Tracing automotive bloodlines: Gizmag goes exploring at Dutton Garage
The pace of automotive development is so fast that it's easy to forget that every generation has its own supercar heroes. The cream of today's technologically advanced automotive crop would not exist without the supercars of the past – cars that took risks with crazy styling, innovative technology and a desire to go faster than anyone else had gone before. We recently spent an afternoon at Dutton Garage in Melbourne, Australia, slaking our supercar thirst and tracking down some of the cars that really moved the game on when they were first launched.
We're pretty familiar with the brands that lead the way in automotive design today, but there are plenty of once renowned marques that have faded into history. Exhibit A is this Hispano-Suiza H6C "Short Chassis". Built in 1924, it packs an 8.0-liter inline six that makes about 145 kW (195 hp) under its massive hood. These "Monzas" were designed to race in the Targa Florio and then be driven home.
Of course, the modern supercar is a different kind of beast. It's no longer a pure racer with little consideration for road use, instead it's a designed to act as a fashion statement that also happens to go really quickly.
This Lamborghini Miura is a prime example. With a 4.9-liter V12 lurking under the rear deck, it could hit 100 km/h (62 mph) in 6.7 seconds on its way to a 280 km/h top speed, making it the fastest car in the world back at its 1966 launch.
Of course, none of that mattered to Leslie "Twiggy" Lawson when she bought the car pictured above. Legendary test driver Valentino Balboni personally delivered the car, which is finished with a special orange stripe down the middle.
With those beautiful Bertone-designed curves and a sonorous soundtrack, it didn't really matter how the Miura handled.
Exclusivity is key when it comes to supercars, as is technology that moves the game on. The Ferrari F50, described by Ferrari President Luca di Montzemolo as "the first and last Formula One car with two seats," did both those things.
The Formula One connection began with the car's 4.7-liter V12, which began service in the Ferrari 641 that Alain Prost drove in his famous battle with Ayrton Senna. The engine was bored out from its original 3.5-liter capacity and Ferrari worked to improve its drivability, but for the most part the F50's motor made few concessions to road driving.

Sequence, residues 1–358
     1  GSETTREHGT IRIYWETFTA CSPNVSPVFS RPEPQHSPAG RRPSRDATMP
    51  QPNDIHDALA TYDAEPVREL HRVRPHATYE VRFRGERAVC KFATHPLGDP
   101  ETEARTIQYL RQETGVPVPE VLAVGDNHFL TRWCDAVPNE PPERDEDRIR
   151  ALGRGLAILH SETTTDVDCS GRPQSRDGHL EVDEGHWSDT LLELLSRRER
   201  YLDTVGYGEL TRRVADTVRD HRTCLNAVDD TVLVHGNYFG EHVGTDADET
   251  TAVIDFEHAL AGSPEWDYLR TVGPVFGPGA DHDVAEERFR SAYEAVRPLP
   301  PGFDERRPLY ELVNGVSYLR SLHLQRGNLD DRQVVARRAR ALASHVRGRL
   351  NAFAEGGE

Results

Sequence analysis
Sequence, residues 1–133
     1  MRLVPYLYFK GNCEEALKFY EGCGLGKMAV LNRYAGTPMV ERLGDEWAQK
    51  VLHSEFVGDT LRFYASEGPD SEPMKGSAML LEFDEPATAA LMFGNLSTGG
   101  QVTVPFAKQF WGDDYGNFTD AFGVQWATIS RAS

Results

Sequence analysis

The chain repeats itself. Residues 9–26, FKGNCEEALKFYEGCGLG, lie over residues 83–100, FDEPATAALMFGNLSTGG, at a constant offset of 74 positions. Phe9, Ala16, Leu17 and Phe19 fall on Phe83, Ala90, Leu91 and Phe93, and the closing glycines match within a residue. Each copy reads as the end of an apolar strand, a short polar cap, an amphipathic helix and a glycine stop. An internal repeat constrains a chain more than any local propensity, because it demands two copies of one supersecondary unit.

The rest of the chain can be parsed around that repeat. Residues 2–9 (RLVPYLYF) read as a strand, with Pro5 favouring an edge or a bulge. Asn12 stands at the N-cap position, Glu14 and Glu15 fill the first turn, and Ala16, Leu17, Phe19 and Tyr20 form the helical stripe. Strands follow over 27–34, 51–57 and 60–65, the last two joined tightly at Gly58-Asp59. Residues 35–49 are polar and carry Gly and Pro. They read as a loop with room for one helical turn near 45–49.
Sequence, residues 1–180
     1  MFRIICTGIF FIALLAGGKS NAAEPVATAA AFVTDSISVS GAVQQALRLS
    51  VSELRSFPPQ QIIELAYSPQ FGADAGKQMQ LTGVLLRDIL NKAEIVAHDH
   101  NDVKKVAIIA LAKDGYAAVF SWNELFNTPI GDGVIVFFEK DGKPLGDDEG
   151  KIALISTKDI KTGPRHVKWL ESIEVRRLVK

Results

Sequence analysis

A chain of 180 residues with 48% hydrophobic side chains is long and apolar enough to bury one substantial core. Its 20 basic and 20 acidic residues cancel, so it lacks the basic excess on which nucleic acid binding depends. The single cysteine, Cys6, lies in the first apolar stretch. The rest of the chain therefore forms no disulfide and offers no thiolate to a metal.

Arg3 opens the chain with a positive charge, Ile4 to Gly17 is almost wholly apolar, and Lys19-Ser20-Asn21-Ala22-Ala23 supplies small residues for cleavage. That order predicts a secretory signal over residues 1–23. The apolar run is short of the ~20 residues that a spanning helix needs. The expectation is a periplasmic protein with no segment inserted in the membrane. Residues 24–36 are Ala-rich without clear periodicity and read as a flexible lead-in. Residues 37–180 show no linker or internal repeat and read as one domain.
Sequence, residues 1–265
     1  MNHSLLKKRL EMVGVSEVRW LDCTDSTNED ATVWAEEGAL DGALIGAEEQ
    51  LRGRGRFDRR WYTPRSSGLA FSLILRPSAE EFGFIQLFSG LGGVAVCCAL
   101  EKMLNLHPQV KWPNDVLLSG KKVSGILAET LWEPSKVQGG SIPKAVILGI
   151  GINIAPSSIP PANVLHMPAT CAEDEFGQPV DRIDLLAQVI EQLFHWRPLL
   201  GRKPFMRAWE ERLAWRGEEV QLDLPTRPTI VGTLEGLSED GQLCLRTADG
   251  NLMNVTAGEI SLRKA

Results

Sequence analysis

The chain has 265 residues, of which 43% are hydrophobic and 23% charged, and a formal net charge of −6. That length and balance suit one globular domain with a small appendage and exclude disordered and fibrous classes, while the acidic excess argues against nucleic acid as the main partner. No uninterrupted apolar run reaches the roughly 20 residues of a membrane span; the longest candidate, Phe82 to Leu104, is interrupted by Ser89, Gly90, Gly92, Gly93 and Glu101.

That means that the engine's 383 kW (513 hp) comes at 8,000 rpm, while the 470 Nm peak torque comes at 6,500 rpm. Compared to today's hypercars, with their incredible hybrid-boosted power figures, that might not sound particularly impressive, but it was still enough to shoot the F50 to 100 km/h (62 mph) in just 3.7 seconds.
It's not just hybrid power that's missing from the F50's mix. Every element of the car's design is decidedly old school, from the high revving naturally aspirated engine to the beautiful open-gate gearshift and F1 style carbon tub, to the spartan but immaculately finished cabin.
Just 349 F50s were built, which means it's rarer than an F40, Enzo or LaFerrari. It's also considerably uglier than any of them, but that doesn't mean there isn't a certain allure to the F50.
Another highlight in our wanderings through the garage was this Porsche 911 Sport Classic. It's a collection of the best bits from Porsche's past, like the whale tail spoiler and special Fuchs alloy wheels harking back to the legendary 1973 911 RS 2.7 Sport.
Inside, there's more retro-themed design, including seats trimmed in a special weave to mirror the tartan trim from old 911s.
It's not a case of all show no go with the Sport Classic though, because with lowered suspension and a limited slip differential, all 250 911 SC's handle and stop better than their more common stablemates.